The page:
acupuncture, Diet, health, herbal medicine, Traditional Chinese Medicine

5 Chinese medicine tips to soothe a sore throat

Cold & flu tea, with lemon and honey.
Peppermint tea with lemon and honey.

It seems there are some sore throats going around at the moment which is characteristic of a time when there is change in the weather. (Just think about above-average high temperatures, windy days and sometimes a drop off in temperature after a storm.) In addition we all get a lot more social out and about in spring this increases our risk of picking up a spring/summer cold virus. And this all happens when many of us are run down from a very busy year, pushing through to the Christmas/New Year break. (If you are feeling run down make sure to book in for an appointment to get your energy and immune system back on track – the last thing you want is to get sick on your holidays!)

A sore throat is often your first warning sign that you have picked up a bug. Act immediately on your treatment to prevent the sore throat developing into a full blown cold or to at least lessen the severity of one.

If you have picked up a sore throat (often termed a wind-heat attack in Chinese medicine as symptoms are sudden and usually hot in nature – feverish, sweating, yellow/green phlegm).

Here’s my top five tips to put out the fire and soften the razor blades of a sore throat:

  1. Salt water gargles. Add 1/2 teaspoon of salt to a small glass of warm water. Gargle as many times per day as you can.
  2. Peppermint tea with a squeeze of lemon and a dash of honey. Lemon and peppermint are cooling but peppermint also helps to promote the release of the ‘wind-heat pathogen’ by opening the pores and honey will moisten a dry throat. Drink this likes it’s water as you will need to keep your fluids up anyway. Mulberry leaves and chrysanthemum may also be added to the tea.
  3. Pear anything. Eat fresh pears, cook them or juice them (small amounts regularly). Pears are used in Chinese medicine to cool and moisten a sore throat. Watermelon and figs are other sore throat favourites.
  4. Herbal medicine. The big guns! A personalised herbal formula can be made up for your individual symptoms. Often your formula can be gargled so that you get the local action of the herbs prior to swallowing. A herbal throat spray can also be convenient and welcome relief.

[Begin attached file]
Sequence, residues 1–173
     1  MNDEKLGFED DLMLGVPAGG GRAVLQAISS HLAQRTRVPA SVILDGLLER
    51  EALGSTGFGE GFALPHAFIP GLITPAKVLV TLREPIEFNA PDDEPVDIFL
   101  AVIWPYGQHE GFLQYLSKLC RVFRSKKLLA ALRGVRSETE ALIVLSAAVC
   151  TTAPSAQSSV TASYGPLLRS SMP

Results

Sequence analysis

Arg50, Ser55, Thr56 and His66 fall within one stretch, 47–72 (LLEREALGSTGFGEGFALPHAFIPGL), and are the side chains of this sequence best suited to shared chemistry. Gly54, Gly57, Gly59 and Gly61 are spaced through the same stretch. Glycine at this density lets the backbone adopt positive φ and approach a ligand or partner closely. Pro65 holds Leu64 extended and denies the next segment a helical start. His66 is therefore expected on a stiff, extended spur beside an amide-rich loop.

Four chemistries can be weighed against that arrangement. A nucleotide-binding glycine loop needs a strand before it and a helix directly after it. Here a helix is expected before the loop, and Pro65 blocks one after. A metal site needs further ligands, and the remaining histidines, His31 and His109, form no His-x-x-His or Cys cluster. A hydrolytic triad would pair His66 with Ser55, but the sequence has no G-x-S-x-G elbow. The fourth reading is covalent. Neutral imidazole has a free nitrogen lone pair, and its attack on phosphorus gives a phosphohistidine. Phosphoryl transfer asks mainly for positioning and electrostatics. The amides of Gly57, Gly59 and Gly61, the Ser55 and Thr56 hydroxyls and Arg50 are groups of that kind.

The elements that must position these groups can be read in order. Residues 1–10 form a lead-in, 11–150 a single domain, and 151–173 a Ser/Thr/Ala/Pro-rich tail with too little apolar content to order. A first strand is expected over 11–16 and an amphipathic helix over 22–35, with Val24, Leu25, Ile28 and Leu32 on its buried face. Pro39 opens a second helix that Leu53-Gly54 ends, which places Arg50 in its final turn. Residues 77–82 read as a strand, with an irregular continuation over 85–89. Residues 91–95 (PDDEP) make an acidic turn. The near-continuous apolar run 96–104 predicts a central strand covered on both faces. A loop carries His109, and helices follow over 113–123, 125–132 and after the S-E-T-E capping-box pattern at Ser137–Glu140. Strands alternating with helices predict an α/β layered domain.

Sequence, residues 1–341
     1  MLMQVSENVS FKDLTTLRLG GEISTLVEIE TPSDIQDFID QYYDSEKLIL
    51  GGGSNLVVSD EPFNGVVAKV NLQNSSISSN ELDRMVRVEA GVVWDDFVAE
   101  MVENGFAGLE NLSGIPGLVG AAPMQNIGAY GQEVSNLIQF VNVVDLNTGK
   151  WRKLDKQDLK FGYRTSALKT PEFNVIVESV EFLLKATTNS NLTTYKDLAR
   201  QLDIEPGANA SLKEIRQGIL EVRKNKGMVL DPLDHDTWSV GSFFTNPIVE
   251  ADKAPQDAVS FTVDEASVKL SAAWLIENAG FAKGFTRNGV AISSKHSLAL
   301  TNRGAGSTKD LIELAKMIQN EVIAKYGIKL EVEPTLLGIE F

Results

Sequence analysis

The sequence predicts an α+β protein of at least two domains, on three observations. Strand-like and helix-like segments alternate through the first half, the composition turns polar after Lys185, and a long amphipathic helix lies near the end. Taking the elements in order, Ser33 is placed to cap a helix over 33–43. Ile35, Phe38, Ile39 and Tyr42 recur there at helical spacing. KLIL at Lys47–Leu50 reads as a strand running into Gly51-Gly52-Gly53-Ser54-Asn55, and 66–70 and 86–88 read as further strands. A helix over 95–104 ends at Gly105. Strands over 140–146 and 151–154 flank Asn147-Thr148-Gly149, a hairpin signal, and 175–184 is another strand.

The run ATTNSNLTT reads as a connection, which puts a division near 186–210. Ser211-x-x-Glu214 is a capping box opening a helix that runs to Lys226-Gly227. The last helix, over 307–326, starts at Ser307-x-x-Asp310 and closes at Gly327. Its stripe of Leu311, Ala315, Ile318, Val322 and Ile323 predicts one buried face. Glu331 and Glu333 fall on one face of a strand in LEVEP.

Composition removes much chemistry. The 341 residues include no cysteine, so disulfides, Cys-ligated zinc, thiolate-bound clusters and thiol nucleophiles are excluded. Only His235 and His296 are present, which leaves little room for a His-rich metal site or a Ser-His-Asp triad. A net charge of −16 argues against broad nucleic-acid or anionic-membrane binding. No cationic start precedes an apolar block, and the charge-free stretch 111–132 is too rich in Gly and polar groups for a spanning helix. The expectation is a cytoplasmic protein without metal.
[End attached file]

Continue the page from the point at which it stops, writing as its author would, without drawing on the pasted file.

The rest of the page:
5. Acupuncture. We have some excellent acupuncture techniques for taking the heat out of a sore throat quickly and addressing other symptoms like sinus congestion.

If you have come down with a common cold or flu check out these cold and flu tips to manage your other symptoms.

And remember at the first sign of a sore throat use these tips immediately!

To book an appointment at the clinic or further information on Chinese Medicine contact Dr Sarah George (Acupuncture).  Sarah is a practitioner of acupuncture (AHPRA registered), massage therapy and natural health.

Diet, food, herbal medicine, pregnancy, recipe, Traditional Chinese Medicine

Preserved lemons: traditional Chinese use and a recipe

lemons preservedA couple of months ago I put on my very first batch of home made preserved lemons. I did a deal with my parents. They supplied the homegrown organic lemons and two big jars, and I’d do the hard work of slicing, juicing, salting and storing – we’d end up with a big jar of the finished product each.

Well, as it turns out they are as delicious as any I’ve ever bought and well worth the two month wait. I followed the Poh’s Kitchen recipe but I left my lemons in halves split down the middle (as if quartered) but still attached by the rind. I stuffed the salt into the split.

Preserved lemons are often associated with Moroccan cooking, in particular tagines. But they also have been used in parts of Asia.  When I was teaching Traditional Chinese Medicine (TCM) dietetics class last semester our very traditional Chinese text mentioned the preserved lemon. This salty and sour delicacy was said to be useful for “vomiting and loss of appetite or threatened abortion.” Which makes it a good food for relieving morning sickness. In fact, many women find that lemon or lime juice added to water does ease nausea associated with pregnancy. As for preventing miscarriage, well there are no clinical trials to back up this claim (and if you suspected that your pregnancy was at risk I’d be recommending a medical check up). But this traditional use relates to the the sour flavour which has an astringent, constricting quality and the salty flavour which benefits the Kidneys (the organ in TCM responsible for reproduction and birth, among many other functions). Another text recommends them for Phlegm-Heat disorders including bronchitis and sinusitis and Liver Qi stagnation (if you don’t know what that is click here).

The other interesting thing about Chinese preserved lemons is that they are said to be a specialty of around the city of Nanning in Guangxi province, China. It was in this region that I completed my acupuncture internship at several teaching hospitals. The Zhuang people, an ethnic minority, used preserved lemons in their congee (Chinese rice porridge). Their preserved lemons are stored for far longer (eg. years) and look quite different. Here’s some more information and a recipe. Interestingly, during my studies in Nanning I also learned some traditional medicine techniques of the Zhuang people.

lemons lemons juiced lemons halved

I think they are simply delicious. If you want some recipes that feature preserved lemons as an ingredient, click here.

To book an appointment at the clinic or further information on Chinese Medicine contact Dr Sarah George (Acupuncture).  Sarah is a practitioner of acupuncture (AHPRA registered), massage therapy and natural health.